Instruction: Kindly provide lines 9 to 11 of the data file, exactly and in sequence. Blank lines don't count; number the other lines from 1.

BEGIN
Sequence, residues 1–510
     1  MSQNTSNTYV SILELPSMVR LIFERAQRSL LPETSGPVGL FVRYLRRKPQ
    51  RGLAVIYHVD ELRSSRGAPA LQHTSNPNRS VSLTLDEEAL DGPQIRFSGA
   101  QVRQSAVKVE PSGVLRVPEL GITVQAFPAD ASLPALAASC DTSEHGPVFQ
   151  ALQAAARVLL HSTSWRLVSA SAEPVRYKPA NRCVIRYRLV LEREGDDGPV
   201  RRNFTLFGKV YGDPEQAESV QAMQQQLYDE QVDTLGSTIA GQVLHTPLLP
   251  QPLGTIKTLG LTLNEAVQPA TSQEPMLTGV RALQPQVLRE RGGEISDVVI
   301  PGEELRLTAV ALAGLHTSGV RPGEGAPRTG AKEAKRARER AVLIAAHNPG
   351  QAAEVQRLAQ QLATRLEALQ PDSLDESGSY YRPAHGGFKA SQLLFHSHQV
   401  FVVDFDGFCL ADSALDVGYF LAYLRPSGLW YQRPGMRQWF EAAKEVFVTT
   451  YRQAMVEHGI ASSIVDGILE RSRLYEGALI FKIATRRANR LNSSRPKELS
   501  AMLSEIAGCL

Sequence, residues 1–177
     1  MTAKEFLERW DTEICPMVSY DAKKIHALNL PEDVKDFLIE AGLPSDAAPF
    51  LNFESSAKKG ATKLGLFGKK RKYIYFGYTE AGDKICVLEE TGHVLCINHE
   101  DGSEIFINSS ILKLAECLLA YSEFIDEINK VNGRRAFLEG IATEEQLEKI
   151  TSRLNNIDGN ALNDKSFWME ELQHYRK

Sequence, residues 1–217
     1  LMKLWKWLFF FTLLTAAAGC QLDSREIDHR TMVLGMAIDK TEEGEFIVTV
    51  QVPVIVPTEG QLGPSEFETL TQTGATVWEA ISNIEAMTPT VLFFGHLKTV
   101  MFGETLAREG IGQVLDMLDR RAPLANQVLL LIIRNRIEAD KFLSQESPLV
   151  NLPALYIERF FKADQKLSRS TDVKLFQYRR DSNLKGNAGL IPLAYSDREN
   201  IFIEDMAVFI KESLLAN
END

   351  QAAEVQRLAQ QLATRLEALQ PDSLDESGSY YRPAHGGFKA SQLLFHSHQV
   401  FVVDFDGFCL ADSALDVGYF LAYLRPSGLW YQRPGMRQWF EAAKEVFVTT
   451  YRQAMVEHGI ASSIVDGILE RSRLYEGALI FKIATRRANR LNSSRPKELS